Letters to the Editor: 10-1-2015


The media generally goes for the sensational on any topic, but there was a good balance in the EW articles on mental health in Lane County as far as the articles went. However, mental health is much more than schizophrenia and commitment in psychiatric hospitals, and mental health is not just an adult issue.

Despite the quote in the article, “Our system … is pretty broken,” the fact is that our mental health system in Lane County is exemplary and one of the best in the nation. We are very fortunate in Lane County to have a mental health infrastructure of 17 private organizations helping children and adults with national model programs addressing all levels of mental health needs around the clock and every day of the year.

Perhaps the next mental health article can focus on the many ways we keep people, particularly children, out of hospitals and out of the criminal justice system. Our local mental health system is a community treasure and does its job very well and with little fanfare.

Dave Ziegler, Ph.D., Jasper Mountain


This is in regards to the two articles addressing “mental illness” in the Sept. 24 issue.

I have learned several things in my life, and one is that no article of any length that doesn’t discuss trauma when looking at emotional distress is going to be misleading, and trauma wasn’t mentioned in either article. Another thing is that when people use the term “mental illness” and toss around dubious labels, they are invariably going to sound as if they were coached by Big Nurse herself.

Truth is, while there are many thousands of emotionally disabled people in Lane County, few if any have an illness that can be defined by a medical test. None have an imbalance that requires some powerful mind-control drug, and one huge truth is that there are thousands of us “psychiatric survivors” out here who remember our treatment at the hands of psychiatry and fear for those still lost and vulnerable.

I challenge a Lane County psychiatrist to say that there is a medical test for this thing “mental illness.” You will notice that they don’t. Instead, they rely on family and others to do that. So how can they say that a quarter of us have it? I suggest wandering over to madinamerica.com and look at all the recent studies that show the dangers of the wonder drugs and criminalizing emotionally distressed people. 

That “future crimes” criminalization really is frightening. If we had enough housing and decent mental health care, as well as counseling in schools and prisons, we wouldn’t have so many out-of-control fellow humans. Lane County has no public shelter system, so where are the lost to go? We live in an insane culture, so of course many of us are messed up. But if there is no definition of “mental illness,” stop using those two words.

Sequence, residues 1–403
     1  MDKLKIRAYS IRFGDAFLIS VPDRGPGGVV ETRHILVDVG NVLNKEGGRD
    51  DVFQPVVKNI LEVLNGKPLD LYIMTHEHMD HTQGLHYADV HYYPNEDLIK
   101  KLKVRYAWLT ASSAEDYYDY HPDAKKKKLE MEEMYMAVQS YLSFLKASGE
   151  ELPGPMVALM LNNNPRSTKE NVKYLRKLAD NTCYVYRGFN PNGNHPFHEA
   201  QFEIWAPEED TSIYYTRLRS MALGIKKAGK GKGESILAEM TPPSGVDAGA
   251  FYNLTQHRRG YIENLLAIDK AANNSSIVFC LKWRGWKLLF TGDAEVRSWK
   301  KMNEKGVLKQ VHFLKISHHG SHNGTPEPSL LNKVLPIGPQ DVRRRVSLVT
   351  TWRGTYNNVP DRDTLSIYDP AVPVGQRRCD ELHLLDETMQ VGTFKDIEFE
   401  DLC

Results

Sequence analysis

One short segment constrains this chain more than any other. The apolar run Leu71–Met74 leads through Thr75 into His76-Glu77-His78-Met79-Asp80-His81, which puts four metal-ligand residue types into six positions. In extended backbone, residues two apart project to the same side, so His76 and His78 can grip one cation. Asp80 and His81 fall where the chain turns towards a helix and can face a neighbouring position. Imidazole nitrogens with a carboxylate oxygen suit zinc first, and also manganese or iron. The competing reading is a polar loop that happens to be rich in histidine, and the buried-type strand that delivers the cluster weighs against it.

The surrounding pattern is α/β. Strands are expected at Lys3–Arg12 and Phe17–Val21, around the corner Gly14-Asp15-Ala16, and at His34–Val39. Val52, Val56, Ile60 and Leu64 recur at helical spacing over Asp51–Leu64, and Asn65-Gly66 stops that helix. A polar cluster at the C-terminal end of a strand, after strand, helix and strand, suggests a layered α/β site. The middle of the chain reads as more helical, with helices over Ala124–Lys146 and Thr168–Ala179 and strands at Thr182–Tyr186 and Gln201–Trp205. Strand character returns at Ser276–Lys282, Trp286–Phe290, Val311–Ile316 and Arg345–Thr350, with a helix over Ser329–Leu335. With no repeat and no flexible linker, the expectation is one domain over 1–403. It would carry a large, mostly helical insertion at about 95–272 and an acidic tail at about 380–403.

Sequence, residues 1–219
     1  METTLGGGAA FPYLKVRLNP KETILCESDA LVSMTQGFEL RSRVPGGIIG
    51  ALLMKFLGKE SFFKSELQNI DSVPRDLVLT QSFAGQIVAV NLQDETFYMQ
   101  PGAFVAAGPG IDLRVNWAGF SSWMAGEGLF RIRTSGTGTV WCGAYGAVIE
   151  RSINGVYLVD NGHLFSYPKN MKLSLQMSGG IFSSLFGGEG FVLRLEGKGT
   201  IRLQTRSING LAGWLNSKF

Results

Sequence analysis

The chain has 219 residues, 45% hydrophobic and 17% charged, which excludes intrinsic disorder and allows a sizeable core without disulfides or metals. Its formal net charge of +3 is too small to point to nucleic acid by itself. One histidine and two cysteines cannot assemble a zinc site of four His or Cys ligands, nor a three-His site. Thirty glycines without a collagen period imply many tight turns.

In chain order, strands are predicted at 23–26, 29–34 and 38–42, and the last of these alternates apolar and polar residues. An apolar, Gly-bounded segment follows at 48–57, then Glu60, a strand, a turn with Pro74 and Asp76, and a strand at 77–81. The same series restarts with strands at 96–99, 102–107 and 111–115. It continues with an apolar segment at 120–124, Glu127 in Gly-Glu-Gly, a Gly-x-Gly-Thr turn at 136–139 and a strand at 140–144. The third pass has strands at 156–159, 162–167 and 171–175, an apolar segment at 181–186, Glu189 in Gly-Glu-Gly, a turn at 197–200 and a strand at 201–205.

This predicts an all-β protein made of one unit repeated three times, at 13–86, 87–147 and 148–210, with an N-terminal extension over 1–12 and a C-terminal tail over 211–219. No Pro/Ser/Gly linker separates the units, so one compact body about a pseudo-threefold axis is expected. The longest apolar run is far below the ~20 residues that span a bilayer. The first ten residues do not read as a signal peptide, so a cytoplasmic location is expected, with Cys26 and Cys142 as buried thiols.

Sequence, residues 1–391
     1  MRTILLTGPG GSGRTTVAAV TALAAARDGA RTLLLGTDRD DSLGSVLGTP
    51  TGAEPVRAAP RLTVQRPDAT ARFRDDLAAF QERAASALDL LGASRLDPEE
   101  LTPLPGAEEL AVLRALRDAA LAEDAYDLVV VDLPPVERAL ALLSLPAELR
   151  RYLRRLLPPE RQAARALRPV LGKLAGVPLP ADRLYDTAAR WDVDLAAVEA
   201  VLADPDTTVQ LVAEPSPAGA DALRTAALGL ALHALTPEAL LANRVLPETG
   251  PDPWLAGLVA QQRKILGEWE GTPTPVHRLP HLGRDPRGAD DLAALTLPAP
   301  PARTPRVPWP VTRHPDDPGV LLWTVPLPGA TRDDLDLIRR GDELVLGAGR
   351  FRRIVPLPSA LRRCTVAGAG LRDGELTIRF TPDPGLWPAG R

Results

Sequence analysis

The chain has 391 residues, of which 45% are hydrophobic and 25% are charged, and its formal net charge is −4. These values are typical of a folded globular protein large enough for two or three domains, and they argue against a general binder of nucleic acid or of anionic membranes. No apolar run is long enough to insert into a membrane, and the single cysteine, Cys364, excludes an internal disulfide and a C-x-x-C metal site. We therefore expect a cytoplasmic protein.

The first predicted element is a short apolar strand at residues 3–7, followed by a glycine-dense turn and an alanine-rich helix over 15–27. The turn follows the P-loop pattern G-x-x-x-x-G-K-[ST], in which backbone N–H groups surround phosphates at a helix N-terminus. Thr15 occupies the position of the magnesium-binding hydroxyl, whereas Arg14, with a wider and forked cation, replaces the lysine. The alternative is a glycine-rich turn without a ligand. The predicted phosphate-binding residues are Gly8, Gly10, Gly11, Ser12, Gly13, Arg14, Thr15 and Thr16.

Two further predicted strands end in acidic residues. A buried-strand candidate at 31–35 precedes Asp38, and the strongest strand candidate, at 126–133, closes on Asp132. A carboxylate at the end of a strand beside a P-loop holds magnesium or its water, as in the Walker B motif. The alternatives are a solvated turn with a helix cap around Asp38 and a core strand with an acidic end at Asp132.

Hugh Massengill, Eugene


As a teacher with 40 years of experience, I administered my share of standardized tests not only because I had to, but also because I figured that they were useful. I discovered the results of those tests did not help me at all to improve my instruction — because they aren’t designed to do that.

Geoff Barrett’s Sept. 24 Viewpoint “Judging the Quality of Instruction” lays out the three reasons typically given to support the use of standardized tests, and then he expertly debunks them.

A far better way to measure student progress is classroom-based performance assessment where the teacher, in concert with colleagues, designs a task in reading, writing, math, etc. that connects to the unit of study and allows each student to reveal what she or he knows and can do. This informs the student, the teacher and the parent what needs to be done next.

A great opportunity for learning about authentic, appropriate assessment is this week when a teacher from Seattle and a vice principal from Beaverton will be speaking at the Community Alliance for Public Education’s event on “Appropriate Assessment: There Is Life After High Stakes Standardized Tests” at 7 pm Thursday, Oct. 1, at Eugene Friends Church, 3495 W. 18th Ave. Free with childcare provided.

Larry Lewin, Eugene


It’s tragically obvious that public input is nothing but a token bone thrown to the people to create some illusion that they have a voice. As one can see by looking at the monstrosity that now resides across from the library, by viewing the EmX killing field of 6th and 7th avenues, or by visiting the meadow where the next fiasco is intended by the Oakleigh Meadow Cohousing entitled yuppies who wouldn’t know green if they drowned in it, the wishes of the majority are not remotely considered, and after the public meetings occur, the controllers do what they intended all along. For this reason I’d like to suggest that, should it become necessary, no less than 30,000 of us reverently set up camp amidst the trees that the “Friends” of Buford Park propose to log.

Imagine massive numbers of people taking this action, refusing to leave until all decisions to murder trees, along with any contracts with lumber companies have been rescinded. Prepare to be inconvenienced, dirty and arrested. Some of us who don’t have young children might be prepared to die. The jails can only hold so many people, so please show up if you agree. 

Regarding the lame-ass reasons the “Friends” of Buford Park will give as to why they are so keen to log (again!) — one is forced to consider that they may be capable of less than altruistic agendas. The invasive and/or dying species issue is their trump card. Let’s stop and take a breath on this one because it’s gone overboard. Nature will work things out on its own.